In the northern areas of South Africa’s Western Cape almost half of the population is jobless. Liquor stores in the towns provide a predictable outlet for people’s boredom and frustrations—and contribute to a range of social problems: fighting and aggression, substance abuse, domestic and sexual violence, child abuse and absent parenting.

Lenie Januarie, acting supervisor for the Children and Families Program at the Department of Social Development (DSD), cites parental neglect as a major problem and says that cases of child abuse constitute the highest intake for her office. Assault is the most common crime in Vredendal, one of the biggest cities in the rural area, and there are many cases of sexual and domestic violence each year. Januarie says she has been living in this area for 30 years. She represents DSD in the Matzikama Men and Boys Network—a partnership between Sonke Gender Justice, the Gender Transformation Network, and DSD. It’s a new initiative in the area and the first of its kind.

The network aims to promote gender equality and to encourage men and boys to play a positive role in their families and communities. “We have set a platform for men and boys and families and redirecting their vision in terms of their own lifestyle and how to go about their everyday living,” explains Andrew Julies, a local councilor, pastor, and chairperson of the Matzikama Men and Boys Network steering committee. Leigh Kordom, a youth coach at a local school, says the network encourages men and boys to play an active role in promoting gender equality: “It gives them a platform to stand up as men because the men in the community are mostly the ones that [get] talked about badly.”

Since it was created in August 2012, the network has been actively implementing Sonke’s MenCare campaign, a campaign Sonke cochairs together with Instituto Promundo in Brazil and other global partners. The MenCare Campaign recognizes that nearly 80 percent of all men will be fathers in their lifetime and aims to increase men’s healthy involvement in nonviolent, equitable parenting. This is important work in South Africa, where studies show that 48 percent of children have absent fathers, a number that was on the upward trend when MenCare was launched.

The program works through media, program development, policy advocacy, and community trainings to involve men in fathers’ groups and as advocates for participatory fatherhood. From logos on T-shirts resembling construction signs saying “Men At Work” and showing a man changing a diaper, to billboards and posters depicting active fathers, the MenCare project works to change how everyone sees men, including how they see themselves.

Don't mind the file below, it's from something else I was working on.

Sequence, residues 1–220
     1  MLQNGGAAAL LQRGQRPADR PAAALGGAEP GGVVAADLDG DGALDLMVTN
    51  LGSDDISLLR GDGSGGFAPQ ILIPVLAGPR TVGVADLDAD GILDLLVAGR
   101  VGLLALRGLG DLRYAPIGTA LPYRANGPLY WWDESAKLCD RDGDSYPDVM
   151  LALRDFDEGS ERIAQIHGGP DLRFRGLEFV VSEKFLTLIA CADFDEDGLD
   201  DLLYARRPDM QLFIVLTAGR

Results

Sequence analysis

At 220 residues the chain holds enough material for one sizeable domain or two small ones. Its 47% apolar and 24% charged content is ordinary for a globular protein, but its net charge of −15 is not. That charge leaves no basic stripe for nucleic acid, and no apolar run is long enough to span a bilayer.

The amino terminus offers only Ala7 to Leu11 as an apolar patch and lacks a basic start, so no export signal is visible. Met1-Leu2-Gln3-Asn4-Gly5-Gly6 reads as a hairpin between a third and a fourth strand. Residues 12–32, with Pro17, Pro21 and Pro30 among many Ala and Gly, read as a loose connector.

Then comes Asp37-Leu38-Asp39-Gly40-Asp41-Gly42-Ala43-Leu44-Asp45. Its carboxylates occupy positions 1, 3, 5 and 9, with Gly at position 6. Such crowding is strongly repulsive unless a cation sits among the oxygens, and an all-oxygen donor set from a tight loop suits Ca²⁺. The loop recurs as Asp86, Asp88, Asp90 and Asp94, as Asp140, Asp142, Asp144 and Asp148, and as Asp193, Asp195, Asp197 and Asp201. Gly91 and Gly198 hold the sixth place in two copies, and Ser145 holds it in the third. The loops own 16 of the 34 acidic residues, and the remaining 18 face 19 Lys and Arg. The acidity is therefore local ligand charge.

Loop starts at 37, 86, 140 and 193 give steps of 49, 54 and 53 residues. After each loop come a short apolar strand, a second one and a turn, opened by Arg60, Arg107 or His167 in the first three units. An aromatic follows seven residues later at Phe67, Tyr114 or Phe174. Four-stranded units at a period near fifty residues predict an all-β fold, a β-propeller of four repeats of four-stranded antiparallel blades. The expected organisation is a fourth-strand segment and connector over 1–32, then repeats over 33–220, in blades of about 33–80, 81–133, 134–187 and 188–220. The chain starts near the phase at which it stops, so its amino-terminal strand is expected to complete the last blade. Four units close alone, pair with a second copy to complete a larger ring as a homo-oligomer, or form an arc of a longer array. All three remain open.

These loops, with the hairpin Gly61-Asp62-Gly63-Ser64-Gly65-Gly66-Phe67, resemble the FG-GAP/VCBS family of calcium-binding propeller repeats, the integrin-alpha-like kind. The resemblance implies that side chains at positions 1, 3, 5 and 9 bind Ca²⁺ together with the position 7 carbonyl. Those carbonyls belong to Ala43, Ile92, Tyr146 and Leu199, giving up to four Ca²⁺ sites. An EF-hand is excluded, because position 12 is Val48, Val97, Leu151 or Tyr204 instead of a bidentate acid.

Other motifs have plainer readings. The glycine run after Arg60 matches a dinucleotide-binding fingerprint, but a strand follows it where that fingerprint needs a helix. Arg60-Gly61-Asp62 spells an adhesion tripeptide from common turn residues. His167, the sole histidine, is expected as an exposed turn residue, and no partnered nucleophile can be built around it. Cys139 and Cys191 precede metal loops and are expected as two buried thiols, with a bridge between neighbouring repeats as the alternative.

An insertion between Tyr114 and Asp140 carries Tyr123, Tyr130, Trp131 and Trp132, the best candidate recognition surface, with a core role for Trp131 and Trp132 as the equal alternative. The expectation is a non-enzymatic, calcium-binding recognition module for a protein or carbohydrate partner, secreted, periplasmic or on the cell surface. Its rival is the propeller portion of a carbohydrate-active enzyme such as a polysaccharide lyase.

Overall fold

Across Matzikama, people now wear MenCare T-shirts sparking conversation and contributing to gradually shifting social norms. MenCare’s “My Dad Can” program uses media to promote positive local role models as examples of good, involved fathers. And MenCare fatherhood groups create safe and supportive spaces for men to explore the role of their own fathers in their lives and to reflect upon how they can be involved fathers in the lives of their own children. Reflecting on the personal impact the training has had on his life, Johannes Cyster, a barber from Vanrhynsdorp says “Becoming a father was difficult for me because I didn’t have a father in my life, so I must learn it for myself. In Vanrhynsdorp it is difficult because some of the fathers don’t take fatherhood very seriously; people don’t know how to be a father. They only know ‘I have a baby; now I’m a father,’ but they don’t act like fathers.”

Other participants echoed similar sentiments, and the sessions are proving to be valuable even to those without children. “It gave me an advantage because we don’t have children and we can start now already, and plan the future and put away money,” Kordom says.

Rodney Fortuin, who runs the Matzikama Men and Boys Network (and is Sonke’s Western Cape Community Education and Mobilization Manager), says the network produced MenCare posters were enthusiastically received by the community. Part of the success was due to the beautifully engaging photos and messages in the language predominantly spoken in the area, Afrikaans—both of which connected with the people of the Matzikama municipality.

The posters show a man kissing his child, another man with his hand on his pregnant wife’s stomach, a family playing cards, a man reading to his five children—all people from the Matzikama community. The poster of a man preparing his baby’s bottle reads, Jy Help My Om Gesond Te Bly. Jy Is My Pa. “You Help Me Stay Healthy. You Are My Father.”